Sport of Freshwater and Whitewater Canoeing &
Kayaking in BC
& Canoes Explained
| River Classifications
| Skill Levels
Water Safety | Equipment
| Wilderness Camping
People Who Canoe and/or Kayak:
This sport takes in a whole gauntlet of different
people from many professions. There are bank managers,
truck drivers, teachers, sawmill workers, doctors,
secretaries, lawyers and even hackers out enjoying
this fast growing pass time. Canoeing and kayaking
is an excellent recreational family sport with
children accompanying parents on all but the really
challenging trips. Like other recreational sports,
it is best to learn as much as possible about
canoeing and kayaking. Taking a course from a
qualified instructor is step number one. Practising
what you have been taught is step number two,
and joining a local canoe or kayak club is step
number three. All three steps add to your safety
on the water.
About Canoeing and
A K-1 is a kayak, C-1 and C-2 are canoes, all
are narrow closed boats that are easily maneuverable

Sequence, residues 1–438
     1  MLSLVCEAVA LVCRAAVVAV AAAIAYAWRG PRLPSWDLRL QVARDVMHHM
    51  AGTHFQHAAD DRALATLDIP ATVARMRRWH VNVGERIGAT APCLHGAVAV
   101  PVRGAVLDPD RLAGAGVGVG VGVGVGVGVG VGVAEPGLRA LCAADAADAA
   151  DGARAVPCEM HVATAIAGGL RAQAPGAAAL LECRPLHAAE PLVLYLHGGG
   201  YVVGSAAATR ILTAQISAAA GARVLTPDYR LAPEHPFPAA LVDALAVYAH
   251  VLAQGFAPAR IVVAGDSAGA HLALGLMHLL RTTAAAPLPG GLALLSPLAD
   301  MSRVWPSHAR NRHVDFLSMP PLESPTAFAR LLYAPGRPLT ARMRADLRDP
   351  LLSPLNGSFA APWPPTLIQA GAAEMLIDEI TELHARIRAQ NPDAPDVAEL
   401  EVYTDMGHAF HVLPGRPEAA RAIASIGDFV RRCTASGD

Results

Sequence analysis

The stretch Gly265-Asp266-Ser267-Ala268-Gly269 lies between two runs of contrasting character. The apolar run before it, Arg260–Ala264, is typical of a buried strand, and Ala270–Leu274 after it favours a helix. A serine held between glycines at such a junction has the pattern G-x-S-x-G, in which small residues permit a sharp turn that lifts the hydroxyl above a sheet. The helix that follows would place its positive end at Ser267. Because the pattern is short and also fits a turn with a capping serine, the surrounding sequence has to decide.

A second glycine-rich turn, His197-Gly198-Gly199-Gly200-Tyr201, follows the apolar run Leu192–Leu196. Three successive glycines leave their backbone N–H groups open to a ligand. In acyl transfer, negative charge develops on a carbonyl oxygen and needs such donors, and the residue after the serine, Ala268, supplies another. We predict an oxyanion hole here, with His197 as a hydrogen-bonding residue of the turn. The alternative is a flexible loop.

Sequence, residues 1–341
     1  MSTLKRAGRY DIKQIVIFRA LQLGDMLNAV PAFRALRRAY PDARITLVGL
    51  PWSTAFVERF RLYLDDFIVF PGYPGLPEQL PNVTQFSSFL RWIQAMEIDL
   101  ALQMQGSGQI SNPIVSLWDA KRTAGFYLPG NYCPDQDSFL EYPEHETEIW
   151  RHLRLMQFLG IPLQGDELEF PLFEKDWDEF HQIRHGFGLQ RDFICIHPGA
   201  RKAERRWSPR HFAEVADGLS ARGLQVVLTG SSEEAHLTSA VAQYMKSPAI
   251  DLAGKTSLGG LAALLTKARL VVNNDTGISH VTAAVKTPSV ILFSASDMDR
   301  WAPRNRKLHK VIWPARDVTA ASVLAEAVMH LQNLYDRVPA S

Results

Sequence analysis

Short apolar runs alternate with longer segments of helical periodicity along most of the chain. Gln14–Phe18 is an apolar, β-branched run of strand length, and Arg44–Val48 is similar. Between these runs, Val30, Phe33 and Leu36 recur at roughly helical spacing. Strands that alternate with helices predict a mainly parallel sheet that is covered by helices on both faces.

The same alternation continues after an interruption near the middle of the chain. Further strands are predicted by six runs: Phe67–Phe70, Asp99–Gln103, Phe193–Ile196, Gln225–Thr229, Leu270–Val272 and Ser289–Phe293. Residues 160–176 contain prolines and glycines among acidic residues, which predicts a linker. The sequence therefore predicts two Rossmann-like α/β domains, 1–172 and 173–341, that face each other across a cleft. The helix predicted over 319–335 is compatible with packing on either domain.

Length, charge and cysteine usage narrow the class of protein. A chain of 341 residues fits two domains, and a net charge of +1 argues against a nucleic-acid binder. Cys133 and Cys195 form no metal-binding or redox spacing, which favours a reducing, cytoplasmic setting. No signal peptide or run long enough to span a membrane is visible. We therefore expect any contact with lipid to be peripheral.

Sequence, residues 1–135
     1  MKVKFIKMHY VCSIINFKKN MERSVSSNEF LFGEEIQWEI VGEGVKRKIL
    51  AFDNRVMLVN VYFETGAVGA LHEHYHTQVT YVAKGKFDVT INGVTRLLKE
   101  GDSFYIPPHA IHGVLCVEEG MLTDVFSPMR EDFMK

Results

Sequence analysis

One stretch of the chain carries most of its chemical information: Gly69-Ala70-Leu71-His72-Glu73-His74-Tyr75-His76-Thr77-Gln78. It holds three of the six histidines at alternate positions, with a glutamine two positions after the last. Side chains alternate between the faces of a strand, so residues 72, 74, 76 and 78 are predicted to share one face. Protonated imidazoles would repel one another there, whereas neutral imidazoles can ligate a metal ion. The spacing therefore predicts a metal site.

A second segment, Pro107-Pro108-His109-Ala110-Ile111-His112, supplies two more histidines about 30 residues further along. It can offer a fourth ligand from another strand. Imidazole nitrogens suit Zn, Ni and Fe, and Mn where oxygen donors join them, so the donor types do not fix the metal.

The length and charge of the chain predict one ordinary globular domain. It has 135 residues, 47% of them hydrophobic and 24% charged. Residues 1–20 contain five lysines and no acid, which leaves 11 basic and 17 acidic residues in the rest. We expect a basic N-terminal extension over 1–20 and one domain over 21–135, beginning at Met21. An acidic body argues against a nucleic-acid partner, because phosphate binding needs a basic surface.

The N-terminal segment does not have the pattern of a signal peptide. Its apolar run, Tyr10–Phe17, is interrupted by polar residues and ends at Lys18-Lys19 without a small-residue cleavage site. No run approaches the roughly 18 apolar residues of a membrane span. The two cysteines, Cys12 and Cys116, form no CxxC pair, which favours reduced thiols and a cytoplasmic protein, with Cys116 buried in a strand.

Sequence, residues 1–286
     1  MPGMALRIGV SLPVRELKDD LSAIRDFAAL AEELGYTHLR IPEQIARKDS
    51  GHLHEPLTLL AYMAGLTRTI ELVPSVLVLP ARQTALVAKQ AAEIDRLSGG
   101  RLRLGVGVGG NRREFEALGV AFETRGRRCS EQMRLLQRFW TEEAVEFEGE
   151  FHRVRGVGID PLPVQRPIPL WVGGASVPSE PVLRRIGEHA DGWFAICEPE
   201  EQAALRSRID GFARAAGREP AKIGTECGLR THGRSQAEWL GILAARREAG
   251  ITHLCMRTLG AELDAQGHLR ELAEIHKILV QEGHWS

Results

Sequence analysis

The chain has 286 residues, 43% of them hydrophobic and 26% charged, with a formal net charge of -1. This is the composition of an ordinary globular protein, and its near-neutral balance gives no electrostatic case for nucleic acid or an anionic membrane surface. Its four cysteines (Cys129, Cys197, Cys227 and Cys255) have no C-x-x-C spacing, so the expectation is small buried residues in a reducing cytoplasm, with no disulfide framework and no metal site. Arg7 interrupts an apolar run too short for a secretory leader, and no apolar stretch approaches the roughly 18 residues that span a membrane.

and do not require much water in order to float.
The covered spray deck means they can handle wild
and unruly waters. The open canoe is more difficult
to handle, needs more water to float and best
handled in waves that are approximately one metre
(about three feet) high. Rafts, whether the rowing
or paddle type, are used by groups running whitewater
1.Class or Grade 1: easy moving water with small
waves, little or no obstacles.
2. Class or Grade 2: easy rapids with waves up
to 1 metre high (3 feet) with obstructions, some
manoeuvring skills are needed.
3. Class or Grade 3: Scouting maybe necessary,
manoeuvring skills are a must, you will encounter
rapids with high and sometimes irregular waves.
This is a moderately difficult class or grade.
4. Class or Grade 4: This is difficult with long
rapids and irregular waves. Your manoeuvring skills
must be precise, advanced scouting is mandatory.
Only advanced paddlers in closed boats should
tackle these waters as rescue could be difficult.
5. Class or Grade 5: This is very difficult going
with long demanding rapids, narrow passages, long
drops, steep banks, precise manoeuvring is necessary